Network News

X My Profile
View More Activity

Vote React: Gray Hopeful on Bill, but Concerned About Guns

Yesterday's vote in the Senate for a bill to grant the District a vote in the U.S. House of Representatives--and its amendment stripping the city of its gun control legislation--has put D.C. in a challenging spot: Will winning a vote in Congress mean giving up legislative rights on guns?

Here is D.C. Council Chairman Vincent C. Gray's take:

"I am pleased the Senate has given the residents of the District of Columbia another victory today in passing the D.C. House Voting Rights Act by a vote of 61 to 37. However, I am disappointed that the bill was passed with a dangerous amendment to repeal most of the city's gun laws.

"After the Heller Supreme Court case, the Council in collaboration with the Executive immediately crafted a comprehensive gun law that met the requirements of the court decision while attempting to preserve the safety and well being of our residents. Unfortunately, our efforts are facing a setback--albeit--hopefully, a temporary one.

"We are confident and hopeful, that as the vote bill makes its way through House and conference committee consideration, this unrelated and unnecessary amendment will be dropped. Not only in the name of protecting D.C. citizens, but also in the spirit of home rule that dictates representatives, duly elected by voters of the District of Columbia, have the democratic right to make laws in the best interest of the residents they serve, just like lawmakers in every other American jurisdiction.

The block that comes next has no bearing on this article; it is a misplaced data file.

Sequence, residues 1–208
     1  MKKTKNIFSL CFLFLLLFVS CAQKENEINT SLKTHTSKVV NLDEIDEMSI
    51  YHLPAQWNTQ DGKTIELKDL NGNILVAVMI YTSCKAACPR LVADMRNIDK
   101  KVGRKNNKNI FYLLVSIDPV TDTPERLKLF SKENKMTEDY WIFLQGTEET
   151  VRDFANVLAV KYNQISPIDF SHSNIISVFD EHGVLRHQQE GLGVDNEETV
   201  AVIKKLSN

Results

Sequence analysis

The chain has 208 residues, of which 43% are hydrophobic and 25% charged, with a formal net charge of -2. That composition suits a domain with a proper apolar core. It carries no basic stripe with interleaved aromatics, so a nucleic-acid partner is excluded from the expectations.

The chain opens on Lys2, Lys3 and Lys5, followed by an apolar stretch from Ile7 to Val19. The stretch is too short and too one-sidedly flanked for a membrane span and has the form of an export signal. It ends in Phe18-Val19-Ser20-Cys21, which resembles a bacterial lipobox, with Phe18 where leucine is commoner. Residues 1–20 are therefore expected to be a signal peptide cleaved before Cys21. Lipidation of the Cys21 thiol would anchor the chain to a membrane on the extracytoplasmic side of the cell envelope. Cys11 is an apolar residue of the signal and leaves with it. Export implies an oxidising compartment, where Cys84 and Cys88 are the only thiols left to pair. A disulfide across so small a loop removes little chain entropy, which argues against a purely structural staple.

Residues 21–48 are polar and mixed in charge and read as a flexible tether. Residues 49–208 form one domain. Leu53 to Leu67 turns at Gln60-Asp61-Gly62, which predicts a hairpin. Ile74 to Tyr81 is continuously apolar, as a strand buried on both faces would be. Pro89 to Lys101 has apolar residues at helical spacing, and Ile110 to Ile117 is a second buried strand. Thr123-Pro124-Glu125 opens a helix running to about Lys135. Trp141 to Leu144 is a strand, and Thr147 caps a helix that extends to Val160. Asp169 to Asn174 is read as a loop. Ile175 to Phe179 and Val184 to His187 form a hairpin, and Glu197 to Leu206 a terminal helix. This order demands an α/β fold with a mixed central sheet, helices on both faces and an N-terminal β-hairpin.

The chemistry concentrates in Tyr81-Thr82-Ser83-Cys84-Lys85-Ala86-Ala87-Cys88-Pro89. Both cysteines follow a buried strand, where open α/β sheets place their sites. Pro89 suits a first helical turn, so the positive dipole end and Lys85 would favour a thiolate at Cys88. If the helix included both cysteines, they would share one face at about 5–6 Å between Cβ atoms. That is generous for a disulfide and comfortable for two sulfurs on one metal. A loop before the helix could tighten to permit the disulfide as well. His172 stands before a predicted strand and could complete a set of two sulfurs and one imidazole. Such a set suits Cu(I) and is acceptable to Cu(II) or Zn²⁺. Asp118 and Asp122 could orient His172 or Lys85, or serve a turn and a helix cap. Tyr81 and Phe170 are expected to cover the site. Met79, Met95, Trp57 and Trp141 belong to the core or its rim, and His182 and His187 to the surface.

"For now, we are delighted that the District of Columbia is one step closer to ending taxation without representation!"

By Marcia Davis  |  February 27, 2009; 7:00 AM ET
Categories:  D.C. Council , Voting Rights  
Save & Share:  Send E-mail   Facebook   Twitter   Digg   Yahoo Buzz   Del.icio.us   StumbleUpon   Technorati   Google Buzz   Previous: Vote React: Fenty on the Senate Bill
Next: Officials Cheer Vote for D.C. Voting Representative

Comments

The elected representatives of the district do NOT have the right to strip residents of their constitutionally guaranteed liberties. (no elected official has the right to do this). It seems to me that those who want a vote in Congress but not a repeal of draconian gun laws seem to think they can take only the parts of the Constitution that they like.

Posted by: benminer | March 1, 2009 3:38 PM | Report abuse

The comments to this entry are closed.

 
 
RSS Feed
Subscribe to The Post

© 2010 The Washington Post Company